It was the monk he had met before. The monk felt around the table with practiced hands to find and put on his reading glasses as he entered the house and sat on his rocking chair, reclining comfortably before looking toward Sungchul.

“You look perfectly fine. But it’s no good for such a young man to have such a weak body.”

He pulled out a pipe from his possessions and filled it with tobacco leaves from his pocket
before lighting it. Sungchul kept his silence while the middle-aged man lit the fire. Sungchul spoke after a bit of time had passed.

“I’m indebted to you.”

“I only did what I should have. Well, there’s nothing lost if you feel like directing a bit of coin as an offering to this monk either. Ah, I couldn’t help but notice that there was quite a bit of coin in your pocket. I didn’t touch any of it though.”

It appeared as though he had searched through Sungchul’s pocket. Sungchul laughed bitterly as he pulled out every gold coin held in his pocket and pushed them toward the monk. Among those, he didn’t forget to gather all the unmarked coins minted by the Coalition of Merchants together and crushed them into the shape of bullion bars with his hand.

“My, you’re quite the strongman.”

The middle-aged man’s jaw dropped at this sight. It was pocket change to Sungchul, but to the monk, it was a vast amount of wealth that would allow him to live prosperously for many years. Sungchul wanted to give a bit more compensation from the bottom of his heart, but such excessive generosity would only cause suspicion so he stopped here. Instead, he looked at the shield hanging in the corner of the room engraved with the Holy Kingdom of Rutheginea’s coat of arms and abruptly asked a question.

“What’s that? Decoration?”

The monk nodded.

“Well there’s no real reason to hide it now, but it’s my possession.”

“Hoh. You must have been a knight of that land.”

The monk breathed in deeply from the pipe before nodding.

“I was a knight of the Twilight Panthers. I’m not sure if you know about them.”

“Twilight Panthers, you say?”

He had been engaged in thick battle with the Holy Kingdom of Rutheginea for more than five years. Why wouldn’t he be unaware of that name? He clearly remembered the ferocious charge of the griffon knights from the left flank of the allied forces during the Battle of La Grange. If Shamal Rajput hadn’t employed his specialty, battlefield assassinations, to take the head of the Colonel in one strike, the battle would have dragged on forever.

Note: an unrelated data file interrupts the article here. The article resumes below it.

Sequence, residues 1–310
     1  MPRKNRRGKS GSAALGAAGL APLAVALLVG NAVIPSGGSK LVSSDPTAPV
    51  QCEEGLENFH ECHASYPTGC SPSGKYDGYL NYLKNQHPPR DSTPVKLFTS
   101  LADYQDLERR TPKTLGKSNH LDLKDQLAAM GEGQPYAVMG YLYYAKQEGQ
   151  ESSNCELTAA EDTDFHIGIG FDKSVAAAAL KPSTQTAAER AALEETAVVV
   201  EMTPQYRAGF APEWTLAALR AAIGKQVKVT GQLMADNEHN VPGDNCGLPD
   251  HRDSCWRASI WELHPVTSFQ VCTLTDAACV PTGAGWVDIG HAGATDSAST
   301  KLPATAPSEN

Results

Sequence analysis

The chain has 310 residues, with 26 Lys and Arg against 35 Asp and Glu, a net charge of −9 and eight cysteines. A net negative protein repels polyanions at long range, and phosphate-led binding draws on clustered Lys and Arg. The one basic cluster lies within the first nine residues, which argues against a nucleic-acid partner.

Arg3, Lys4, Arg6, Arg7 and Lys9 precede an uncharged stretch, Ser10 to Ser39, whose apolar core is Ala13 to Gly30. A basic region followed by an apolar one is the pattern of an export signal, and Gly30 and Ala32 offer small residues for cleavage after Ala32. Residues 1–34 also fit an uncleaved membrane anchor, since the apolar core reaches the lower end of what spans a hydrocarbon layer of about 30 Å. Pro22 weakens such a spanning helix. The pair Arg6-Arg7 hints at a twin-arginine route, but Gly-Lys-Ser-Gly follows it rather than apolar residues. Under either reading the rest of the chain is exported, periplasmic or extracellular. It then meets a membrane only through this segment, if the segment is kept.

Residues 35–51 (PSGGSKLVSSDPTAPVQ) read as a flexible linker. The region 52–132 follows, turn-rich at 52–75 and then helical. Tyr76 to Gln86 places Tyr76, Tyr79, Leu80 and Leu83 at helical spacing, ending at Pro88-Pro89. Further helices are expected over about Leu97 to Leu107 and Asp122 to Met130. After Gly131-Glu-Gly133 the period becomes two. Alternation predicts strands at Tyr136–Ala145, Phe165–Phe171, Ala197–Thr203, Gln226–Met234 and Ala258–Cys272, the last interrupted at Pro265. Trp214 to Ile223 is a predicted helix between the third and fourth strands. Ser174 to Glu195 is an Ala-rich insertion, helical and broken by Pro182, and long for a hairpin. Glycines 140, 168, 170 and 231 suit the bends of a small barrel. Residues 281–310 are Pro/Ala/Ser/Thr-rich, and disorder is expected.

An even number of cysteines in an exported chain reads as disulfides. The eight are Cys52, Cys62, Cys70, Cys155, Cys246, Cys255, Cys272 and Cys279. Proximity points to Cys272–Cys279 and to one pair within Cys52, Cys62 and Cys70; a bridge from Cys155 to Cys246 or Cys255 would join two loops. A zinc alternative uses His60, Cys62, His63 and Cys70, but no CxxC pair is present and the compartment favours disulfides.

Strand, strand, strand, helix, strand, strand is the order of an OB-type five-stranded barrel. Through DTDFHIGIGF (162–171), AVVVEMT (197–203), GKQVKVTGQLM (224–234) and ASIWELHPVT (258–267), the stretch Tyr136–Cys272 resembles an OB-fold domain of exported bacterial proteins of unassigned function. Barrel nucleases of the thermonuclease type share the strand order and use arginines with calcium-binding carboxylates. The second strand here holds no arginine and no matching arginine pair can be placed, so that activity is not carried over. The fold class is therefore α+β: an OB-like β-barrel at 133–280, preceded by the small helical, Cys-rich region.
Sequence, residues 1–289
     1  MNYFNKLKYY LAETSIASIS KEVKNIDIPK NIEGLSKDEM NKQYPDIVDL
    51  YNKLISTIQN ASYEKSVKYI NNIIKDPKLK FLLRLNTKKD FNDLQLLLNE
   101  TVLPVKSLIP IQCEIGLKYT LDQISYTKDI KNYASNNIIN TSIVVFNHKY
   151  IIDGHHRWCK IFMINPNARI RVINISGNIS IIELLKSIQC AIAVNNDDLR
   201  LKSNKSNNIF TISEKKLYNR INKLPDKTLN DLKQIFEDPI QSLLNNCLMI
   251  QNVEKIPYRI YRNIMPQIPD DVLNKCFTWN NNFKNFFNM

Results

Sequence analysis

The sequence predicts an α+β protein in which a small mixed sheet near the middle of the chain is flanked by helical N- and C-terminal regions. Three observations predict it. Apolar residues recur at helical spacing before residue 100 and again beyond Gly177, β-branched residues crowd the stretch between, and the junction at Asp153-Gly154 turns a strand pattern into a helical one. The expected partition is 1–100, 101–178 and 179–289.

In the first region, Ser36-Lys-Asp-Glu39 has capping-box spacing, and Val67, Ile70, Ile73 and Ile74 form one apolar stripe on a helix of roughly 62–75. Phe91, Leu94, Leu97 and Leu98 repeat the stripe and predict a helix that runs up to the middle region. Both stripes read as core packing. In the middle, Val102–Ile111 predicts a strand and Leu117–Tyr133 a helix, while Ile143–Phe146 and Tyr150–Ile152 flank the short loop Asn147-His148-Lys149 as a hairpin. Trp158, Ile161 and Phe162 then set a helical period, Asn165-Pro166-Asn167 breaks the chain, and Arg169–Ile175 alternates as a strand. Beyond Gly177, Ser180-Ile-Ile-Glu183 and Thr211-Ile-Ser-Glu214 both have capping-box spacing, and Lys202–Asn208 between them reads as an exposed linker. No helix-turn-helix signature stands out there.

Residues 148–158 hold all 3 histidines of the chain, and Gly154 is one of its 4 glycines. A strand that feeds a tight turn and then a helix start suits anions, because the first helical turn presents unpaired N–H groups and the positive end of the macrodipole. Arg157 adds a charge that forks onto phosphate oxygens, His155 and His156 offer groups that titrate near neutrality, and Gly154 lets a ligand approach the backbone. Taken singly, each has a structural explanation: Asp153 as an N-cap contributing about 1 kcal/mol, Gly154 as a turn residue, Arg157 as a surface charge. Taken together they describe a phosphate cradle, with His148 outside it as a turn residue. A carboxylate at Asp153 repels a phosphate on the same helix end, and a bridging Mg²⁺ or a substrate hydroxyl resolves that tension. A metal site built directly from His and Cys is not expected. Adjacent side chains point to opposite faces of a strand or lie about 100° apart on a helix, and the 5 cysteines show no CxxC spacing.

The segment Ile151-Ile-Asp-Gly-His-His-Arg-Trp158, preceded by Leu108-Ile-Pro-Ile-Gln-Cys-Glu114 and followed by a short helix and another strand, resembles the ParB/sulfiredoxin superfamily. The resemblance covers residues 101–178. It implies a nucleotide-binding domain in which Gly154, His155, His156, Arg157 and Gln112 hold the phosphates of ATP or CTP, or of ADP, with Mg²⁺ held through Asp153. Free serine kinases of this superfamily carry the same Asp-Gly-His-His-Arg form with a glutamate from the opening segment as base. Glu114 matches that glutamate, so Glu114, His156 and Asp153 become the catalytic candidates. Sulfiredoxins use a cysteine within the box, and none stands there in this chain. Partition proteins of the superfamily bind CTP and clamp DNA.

“I’ve heard of the name. I’ve been told they were immensely valiant as knights.”

Sungchul spoke as though he had heard stories from others while looking at the Baron’s slightly crooked wing past the slightly open door.

“Seeing as you recall the name, you must also have some degree of knowledge of Other World’s history?”

“It’s nothing to brag about, but I have been here longer than it looks.”

“I see.”

The monk grinned. Was it because a portion of his past had been acknowledged? He had a very satisfied face as he took a drag from his pipe and exhaled. The monk rose from his seat as the faint smoke escaped through the stovepipe hanging from the ceiling. He began to dig through the drawers as though to share something with Sungchul until he pulled out a worn gold ring. It was a seal.

“It may in this state now, but I had once been a landed knight.”

“Did you lose your land when the kingdom fell?”

The driver shook his head at Sungchul’s question. He walked to and opened the lattice window and looked out at the village beyond. Outside the window stood the picturesque village of Toporo with the Tower of Recluse in the background.